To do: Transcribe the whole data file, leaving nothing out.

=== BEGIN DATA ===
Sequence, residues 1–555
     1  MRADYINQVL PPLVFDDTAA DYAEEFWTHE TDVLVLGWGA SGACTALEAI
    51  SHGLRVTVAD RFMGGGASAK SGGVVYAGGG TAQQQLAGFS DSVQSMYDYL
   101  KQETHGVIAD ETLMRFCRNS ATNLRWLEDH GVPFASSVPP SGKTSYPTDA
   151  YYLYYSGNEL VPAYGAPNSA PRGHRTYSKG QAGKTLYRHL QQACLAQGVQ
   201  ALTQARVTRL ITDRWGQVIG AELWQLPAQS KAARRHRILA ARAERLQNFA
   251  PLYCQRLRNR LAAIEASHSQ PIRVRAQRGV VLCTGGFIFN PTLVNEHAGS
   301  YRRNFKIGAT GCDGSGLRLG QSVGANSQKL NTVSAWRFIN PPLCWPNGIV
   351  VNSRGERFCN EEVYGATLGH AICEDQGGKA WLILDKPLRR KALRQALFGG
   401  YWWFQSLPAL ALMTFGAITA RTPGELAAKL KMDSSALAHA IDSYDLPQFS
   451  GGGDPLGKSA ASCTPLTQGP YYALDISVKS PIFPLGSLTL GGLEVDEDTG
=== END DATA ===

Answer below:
Sequence, residues 1–555
     1  MRADYINQVL PPLVFDDTAA DYAEEFWTHE TDVLVLGWGA SGACTALEAI
    51  SHGLRVTVAD RFMGGGASAK SGGVVYAGGG TAQQQLAGFS DSVQSMYDYL
   101  KQETHGVIAD ETLMRFCRNS ATNLRWLEDH GVPFASSVPP SGKTSYPTDA
   151  YYLYYSGNEL VPAYGAPNSA PRGHRTYSKG QAGKTLYRHL QQACLAQGVQ
   201  ALTQARVTRL ITDRWGQVIG AELWQLPAQS KAARRHRILA ARAERLQNFA
   251  PLYCQRLRNR LAAIEASHSQ PIRVRAQRGV VLCTGGFIFN PTLVNEHAGS
   301  YRRNFKIGAT GCDGSGLRLG QSVGANSQKL NTVSAWRFIN PPLCWPNGIV
   351  VNSRGERFCN EEVYGATLGH AICEDQGGKA WLILDKPLRR KALRQALFGG
   401  YWWFQSLPAL ALMTFGAITA RTPGELAAKL KMDSSALAHA IDSYDLPQFS
   451  GGGDPLGKSA ASCTPLTQGP YYALDISVKS PIFPLGSLTL GGLEVDEDTG